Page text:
Same with the credit card companies. Great speech about the fine print. Then the rates tripled.
The president has exhorted the banks, who are getting zero-interest money, to give more of it to small businesses. But they have no incentives to do that. There are too many high-yield, reasonably low risk investments to make with zero-interest federal loans. I wouldn't mind a few billion to play around with right now myself, and I can't say I'd start with some guy who wants to start his own heating and air company, or an existing small business owner who is hanging on by his fingernails in tough economic times. I'd put my money in something like emerging markets, or maybe Canada. (Have you noticed how well Canadian equities are doing lately?) Or perhaps Chinese wind turbines. (Oh, we're investing there already with stimulus funds.)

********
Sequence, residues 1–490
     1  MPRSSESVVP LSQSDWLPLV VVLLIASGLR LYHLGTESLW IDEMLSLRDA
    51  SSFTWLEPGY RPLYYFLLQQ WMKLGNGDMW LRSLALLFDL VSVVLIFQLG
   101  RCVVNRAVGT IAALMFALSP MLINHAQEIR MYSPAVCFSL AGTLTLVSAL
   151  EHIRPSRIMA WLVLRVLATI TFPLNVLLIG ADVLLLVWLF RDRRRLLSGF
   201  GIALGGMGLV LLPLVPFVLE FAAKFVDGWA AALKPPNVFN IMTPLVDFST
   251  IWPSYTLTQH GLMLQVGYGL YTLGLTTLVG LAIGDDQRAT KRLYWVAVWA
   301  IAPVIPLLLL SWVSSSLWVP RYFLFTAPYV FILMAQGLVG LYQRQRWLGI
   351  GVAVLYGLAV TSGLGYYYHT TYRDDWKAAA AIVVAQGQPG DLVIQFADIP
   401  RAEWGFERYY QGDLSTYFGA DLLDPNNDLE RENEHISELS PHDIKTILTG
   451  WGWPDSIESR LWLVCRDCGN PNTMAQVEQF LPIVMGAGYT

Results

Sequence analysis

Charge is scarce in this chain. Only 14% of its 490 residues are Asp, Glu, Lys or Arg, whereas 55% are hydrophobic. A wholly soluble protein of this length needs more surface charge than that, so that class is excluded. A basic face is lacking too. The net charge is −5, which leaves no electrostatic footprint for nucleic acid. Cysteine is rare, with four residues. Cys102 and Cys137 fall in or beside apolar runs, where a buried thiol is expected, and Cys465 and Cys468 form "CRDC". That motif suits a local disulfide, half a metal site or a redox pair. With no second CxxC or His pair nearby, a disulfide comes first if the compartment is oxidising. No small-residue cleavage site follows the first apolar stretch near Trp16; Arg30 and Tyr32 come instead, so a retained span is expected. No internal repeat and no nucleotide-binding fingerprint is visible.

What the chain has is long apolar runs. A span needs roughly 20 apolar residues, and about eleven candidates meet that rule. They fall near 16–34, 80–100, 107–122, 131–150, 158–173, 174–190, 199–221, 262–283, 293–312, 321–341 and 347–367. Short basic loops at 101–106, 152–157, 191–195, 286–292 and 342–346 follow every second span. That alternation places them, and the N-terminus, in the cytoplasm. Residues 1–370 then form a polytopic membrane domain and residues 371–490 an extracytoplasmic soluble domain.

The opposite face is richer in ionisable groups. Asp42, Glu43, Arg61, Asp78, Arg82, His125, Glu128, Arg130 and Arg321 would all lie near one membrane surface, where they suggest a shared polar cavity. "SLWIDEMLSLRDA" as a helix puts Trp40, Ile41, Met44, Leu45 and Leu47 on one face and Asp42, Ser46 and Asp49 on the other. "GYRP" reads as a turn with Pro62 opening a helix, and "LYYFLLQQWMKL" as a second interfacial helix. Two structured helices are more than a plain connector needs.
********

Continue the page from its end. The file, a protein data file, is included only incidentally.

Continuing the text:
The time for exhortation is over. FDR didn't exhort robber barons to stem the redistribution of wealth from working Americans to the upper 1 percent, and neither did his fifth cousin Teddy. Both men told the most powerful men in the United States that they weren't going to rip off the American people any more, and they backed up their words with actions. Teddy Roosevelt was clear that capital gains taxes should be high relative to income taxes because we should reward work, not "gambling in stocks." This president just doesn't have the stomach to make anyone do anything they don't want to do (except women to have unwanted babies because they can't afford an abortion or live in a red state and don't have an employer who offers insurance), and his advisors are enabling his most troubling character flaw, his conflict-avoidance.